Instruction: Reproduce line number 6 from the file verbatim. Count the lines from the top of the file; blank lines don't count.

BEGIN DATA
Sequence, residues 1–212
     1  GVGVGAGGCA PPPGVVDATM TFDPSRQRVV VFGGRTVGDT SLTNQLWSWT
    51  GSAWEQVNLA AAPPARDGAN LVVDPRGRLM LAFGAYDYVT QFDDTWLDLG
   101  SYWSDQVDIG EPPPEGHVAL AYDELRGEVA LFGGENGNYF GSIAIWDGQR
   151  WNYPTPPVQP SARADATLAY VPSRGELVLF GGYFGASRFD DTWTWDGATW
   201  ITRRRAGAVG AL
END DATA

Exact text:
   201  ITRRRAGAVG AL